What is Economics?

Economics is the study of the human behavior in relation to satisfaction of wants and needs using limited resources, and deals with the production, consumption and distribution of wealth.

Definition of economics has gone through various stages broadly classified as under:

  • Classical school of thought (1723-1790)
  • Neo classical school of thought (1842-1924)
  • London school of economics

Classical school of thought (1723-1790):

In 1776, Scotland economist named Adam Smith wrote in his book “Wealth of Nation”, ‘Economics is a social science which deals with production, consumption, distribution and exchange of wealth’.

Production:

Production is how four factors of production namely: land, labor, capital, and entrepreneurship are combined to generate wealth.

Consumption:

An amount of wealth consumed to meet our usual needs.

Distribution:

Distribution is how wealth is distributed among the four factors of production.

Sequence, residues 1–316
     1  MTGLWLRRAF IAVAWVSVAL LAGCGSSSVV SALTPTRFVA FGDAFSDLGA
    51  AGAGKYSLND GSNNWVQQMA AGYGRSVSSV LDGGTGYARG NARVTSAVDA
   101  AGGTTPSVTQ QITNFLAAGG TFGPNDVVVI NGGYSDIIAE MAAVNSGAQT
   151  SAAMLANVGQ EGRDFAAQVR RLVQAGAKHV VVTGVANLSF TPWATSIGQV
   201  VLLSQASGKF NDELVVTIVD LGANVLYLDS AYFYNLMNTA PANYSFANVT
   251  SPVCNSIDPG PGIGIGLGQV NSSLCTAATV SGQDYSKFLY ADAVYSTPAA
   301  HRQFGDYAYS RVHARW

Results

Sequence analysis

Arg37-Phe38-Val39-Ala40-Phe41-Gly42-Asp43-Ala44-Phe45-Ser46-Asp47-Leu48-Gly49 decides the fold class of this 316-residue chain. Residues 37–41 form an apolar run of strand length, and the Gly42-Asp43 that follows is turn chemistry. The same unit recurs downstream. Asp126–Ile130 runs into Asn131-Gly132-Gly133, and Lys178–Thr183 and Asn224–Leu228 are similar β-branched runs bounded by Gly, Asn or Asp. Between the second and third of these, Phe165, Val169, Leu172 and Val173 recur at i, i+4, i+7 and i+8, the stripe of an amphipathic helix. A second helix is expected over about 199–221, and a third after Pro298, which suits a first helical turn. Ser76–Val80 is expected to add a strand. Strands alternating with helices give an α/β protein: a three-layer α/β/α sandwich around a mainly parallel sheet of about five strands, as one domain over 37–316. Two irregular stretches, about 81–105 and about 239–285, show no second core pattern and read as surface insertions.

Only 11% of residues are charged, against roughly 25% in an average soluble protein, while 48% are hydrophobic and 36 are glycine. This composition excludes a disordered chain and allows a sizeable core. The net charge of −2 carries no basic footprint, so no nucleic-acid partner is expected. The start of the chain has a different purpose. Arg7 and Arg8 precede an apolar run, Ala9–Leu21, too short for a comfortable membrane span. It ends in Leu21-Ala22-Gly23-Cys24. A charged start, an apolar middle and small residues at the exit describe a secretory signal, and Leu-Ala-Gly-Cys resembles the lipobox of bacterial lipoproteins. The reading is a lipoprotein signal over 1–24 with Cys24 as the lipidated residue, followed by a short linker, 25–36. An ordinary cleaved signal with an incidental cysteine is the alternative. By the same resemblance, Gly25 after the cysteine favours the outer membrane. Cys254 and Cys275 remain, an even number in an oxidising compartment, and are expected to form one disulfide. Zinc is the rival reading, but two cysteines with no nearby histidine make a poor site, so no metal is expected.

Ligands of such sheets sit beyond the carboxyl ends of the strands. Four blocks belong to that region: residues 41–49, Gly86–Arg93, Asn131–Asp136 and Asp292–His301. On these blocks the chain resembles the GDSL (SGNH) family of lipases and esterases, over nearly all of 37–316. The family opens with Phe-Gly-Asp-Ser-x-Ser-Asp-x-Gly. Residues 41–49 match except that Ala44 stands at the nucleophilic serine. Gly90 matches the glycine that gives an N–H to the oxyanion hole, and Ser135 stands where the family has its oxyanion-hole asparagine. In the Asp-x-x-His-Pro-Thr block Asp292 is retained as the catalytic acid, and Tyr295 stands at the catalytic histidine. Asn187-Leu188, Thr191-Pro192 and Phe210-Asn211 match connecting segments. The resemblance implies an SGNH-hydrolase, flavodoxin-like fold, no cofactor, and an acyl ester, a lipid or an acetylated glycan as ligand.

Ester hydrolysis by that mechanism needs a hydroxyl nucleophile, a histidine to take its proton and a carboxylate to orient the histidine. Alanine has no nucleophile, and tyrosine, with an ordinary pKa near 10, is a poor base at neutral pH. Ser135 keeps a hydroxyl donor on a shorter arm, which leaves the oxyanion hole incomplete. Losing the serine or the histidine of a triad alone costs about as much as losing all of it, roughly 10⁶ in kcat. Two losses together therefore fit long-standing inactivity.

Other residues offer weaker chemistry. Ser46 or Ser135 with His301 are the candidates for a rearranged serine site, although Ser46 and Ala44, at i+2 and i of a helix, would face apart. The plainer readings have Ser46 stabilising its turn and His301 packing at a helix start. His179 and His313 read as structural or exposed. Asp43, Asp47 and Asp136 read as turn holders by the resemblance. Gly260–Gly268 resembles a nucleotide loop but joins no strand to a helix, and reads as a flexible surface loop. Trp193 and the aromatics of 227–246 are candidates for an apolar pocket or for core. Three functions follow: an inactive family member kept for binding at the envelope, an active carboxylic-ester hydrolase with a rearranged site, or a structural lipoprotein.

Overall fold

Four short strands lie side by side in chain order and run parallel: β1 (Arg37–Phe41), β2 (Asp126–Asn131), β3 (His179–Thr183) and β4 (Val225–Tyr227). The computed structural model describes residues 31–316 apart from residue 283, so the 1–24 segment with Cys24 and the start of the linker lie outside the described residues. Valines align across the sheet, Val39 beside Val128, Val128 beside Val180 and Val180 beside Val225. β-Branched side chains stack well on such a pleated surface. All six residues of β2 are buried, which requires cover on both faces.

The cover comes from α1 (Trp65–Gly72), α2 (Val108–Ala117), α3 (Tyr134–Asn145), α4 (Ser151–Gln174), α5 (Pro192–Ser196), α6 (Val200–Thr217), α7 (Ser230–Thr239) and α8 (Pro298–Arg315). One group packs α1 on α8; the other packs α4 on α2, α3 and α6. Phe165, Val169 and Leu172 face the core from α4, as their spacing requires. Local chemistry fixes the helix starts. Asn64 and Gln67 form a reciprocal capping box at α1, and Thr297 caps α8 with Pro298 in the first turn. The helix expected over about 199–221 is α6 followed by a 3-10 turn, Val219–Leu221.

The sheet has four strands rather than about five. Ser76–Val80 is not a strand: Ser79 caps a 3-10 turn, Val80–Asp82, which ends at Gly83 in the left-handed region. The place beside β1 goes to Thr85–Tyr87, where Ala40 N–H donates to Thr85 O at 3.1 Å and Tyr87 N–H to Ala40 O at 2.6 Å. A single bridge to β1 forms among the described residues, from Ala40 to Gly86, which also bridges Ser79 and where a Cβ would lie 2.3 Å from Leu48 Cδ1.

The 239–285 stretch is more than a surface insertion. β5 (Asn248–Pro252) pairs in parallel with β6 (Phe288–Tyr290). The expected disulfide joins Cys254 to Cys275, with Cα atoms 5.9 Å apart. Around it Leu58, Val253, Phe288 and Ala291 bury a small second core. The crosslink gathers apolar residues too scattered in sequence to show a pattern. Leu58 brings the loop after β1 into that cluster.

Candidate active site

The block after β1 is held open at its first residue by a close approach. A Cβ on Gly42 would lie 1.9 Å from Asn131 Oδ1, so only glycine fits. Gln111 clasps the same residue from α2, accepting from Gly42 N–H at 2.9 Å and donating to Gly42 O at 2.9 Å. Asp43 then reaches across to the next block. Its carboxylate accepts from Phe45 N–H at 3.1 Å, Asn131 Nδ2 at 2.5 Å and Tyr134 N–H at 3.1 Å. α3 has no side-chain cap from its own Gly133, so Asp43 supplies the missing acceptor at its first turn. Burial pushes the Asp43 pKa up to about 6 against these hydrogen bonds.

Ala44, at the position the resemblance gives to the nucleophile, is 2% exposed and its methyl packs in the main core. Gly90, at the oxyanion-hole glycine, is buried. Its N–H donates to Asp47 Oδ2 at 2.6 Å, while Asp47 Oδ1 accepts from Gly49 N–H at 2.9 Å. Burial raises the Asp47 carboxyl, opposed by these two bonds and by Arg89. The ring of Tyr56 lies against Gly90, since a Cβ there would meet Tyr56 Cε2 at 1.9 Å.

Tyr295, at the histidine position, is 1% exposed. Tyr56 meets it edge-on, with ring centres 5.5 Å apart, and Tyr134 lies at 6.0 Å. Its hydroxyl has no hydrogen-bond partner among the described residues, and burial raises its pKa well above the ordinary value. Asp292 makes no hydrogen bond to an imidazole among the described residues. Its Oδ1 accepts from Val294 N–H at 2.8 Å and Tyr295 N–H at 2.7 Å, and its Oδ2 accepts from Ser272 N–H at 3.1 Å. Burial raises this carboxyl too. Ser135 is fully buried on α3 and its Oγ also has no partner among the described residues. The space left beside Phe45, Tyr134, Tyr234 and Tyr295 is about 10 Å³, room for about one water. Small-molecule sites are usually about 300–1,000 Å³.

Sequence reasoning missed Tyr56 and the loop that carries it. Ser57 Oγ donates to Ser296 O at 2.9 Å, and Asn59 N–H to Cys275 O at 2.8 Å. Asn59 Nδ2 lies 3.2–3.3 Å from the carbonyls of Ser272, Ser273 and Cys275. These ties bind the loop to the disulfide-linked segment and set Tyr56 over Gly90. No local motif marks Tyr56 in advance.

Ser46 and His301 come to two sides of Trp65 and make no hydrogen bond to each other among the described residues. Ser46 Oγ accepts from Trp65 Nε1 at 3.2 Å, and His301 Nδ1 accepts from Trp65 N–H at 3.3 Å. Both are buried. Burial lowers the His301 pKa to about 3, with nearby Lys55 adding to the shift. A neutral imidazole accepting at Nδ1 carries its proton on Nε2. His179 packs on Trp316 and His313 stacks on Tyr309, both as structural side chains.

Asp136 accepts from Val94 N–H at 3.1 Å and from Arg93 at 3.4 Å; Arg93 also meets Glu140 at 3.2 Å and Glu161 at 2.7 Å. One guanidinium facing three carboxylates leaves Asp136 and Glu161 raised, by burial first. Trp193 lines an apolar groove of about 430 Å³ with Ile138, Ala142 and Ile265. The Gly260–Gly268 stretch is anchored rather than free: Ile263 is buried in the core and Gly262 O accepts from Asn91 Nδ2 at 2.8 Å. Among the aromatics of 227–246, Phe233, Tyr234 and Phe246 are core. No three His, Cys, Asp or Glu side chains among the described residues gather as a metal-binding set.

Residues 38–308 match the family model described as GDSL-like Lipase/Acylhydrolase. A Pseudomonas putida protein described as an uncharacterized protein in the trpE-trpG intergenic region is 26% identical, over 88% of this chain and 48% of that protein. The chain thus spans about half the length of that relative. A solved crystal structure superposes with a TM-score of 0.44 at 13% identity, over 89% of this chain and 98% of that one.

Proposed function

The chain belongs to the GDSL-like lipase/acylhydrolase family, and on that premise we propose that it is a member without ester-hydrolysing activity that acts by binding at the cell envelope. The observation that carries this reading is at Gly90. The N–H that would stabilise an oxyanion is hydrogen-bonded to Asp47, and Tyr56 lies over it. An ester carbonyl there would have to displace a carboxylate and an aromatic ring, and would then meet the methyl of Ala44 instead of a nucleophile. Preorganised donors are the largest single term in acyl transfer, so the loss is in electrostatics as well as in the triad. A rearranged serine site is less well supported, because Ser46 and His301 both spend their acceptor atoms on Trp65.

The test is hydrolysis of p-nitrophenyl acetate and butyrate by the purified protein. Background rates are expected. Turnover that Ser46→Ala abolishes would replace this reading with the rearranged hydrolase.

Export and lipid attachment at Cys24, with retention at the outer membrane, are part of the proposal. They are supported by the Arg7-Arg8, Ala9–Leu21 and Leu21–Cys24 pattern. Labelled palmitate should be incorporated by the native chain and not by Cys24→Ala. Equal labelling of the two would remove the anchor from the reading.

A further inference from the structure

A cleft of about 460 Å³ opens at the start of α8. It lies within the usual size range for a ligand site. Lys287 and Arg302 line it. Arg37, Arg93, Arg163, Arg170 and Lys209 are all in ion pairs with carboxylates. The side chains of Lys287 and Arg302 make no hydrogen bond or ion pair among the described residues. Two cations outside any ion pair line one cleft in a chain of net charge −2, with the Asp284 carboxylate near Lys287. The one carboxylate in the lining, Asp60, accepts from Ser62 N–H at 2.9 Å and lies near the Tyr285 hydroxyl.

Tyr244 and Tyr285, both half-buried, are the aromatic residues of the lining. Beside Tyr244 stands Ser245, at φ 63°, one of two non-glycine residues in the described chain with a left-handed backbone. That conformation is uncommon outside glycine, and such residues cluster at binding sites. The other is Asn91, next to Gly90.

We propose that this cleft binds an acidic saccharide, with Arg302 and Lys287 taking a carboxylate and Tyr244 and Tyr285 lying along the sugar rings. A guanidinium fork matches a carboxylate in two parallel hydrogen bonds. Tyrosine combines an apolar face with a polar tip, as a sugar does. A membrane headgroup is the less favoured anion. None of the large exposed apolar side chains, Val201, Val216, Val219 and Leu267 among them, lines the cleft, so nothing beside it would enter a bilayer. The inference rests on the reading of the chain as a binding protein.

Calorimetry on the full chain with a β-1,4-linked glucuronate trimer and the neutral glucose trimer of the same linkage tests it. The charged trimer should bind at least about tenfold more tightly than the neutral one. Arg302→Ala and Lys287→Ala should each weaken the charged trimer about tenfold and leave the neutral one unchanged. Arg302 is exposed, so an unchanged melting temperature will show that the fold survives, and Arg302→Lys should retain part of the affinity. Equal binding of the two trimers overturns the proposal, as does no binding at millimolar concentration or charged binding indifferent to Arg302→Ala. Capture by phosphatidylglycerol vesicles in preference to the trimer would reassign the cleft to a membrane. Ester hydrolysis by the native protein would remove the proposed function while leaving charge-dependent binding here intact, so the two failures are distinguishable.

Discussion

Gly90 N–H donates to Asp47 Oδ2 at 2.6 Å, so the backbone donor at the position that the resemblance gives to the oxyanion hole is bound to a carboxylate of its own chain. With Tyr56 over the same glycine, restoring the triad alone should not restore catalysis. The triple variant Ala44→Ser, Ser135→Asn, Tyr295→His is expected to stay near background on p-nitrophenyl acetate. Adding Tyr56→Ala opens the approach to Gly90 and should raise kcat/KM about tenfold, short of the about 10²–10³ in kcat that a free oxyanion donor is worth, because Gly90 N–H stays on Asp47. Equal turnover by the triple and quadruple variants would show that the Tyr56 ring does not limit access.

Exchange:

It is exchange of wealth between two hands or two countries in the form of trade.

Neo-classical school of thought (1842-1924):

In 1890, economist named Alfred Marshall wrote in his book “Principles of economics” that “Economics is a science which studies human behavior which is related with the ordinary business of life. It deals with that part of individual or collective human efforts which is closely related with attainment of material requisites of well-being”

London school of economics:

It was led by economist named Lionel Robbins who defined economics in his book, “An essay on nature and significance of economics science” as “it is a science which studies human behavior as a relationship between multiple ends and scarce means which have alternative uses”. Key words of definition are as under:

Multiple ends:

Human wants are endless. They occur again and again so humans have to generate sources to fulfill these wants.

Scarce resources:

A resource is scarce when its available quantity is not enough to meet the demand or its desired use. The resources around us to fulfill our needs are scarce. For example: wheat is produced in billions of tons but it always appears less than its demand; on the other hand rotten eggs are very few in number but they never appear scarce because no one demands them.

Alternative uses:

Resources can be used in different ways. For example: car can be used as for personal use and can also be used as taxi to earn money.

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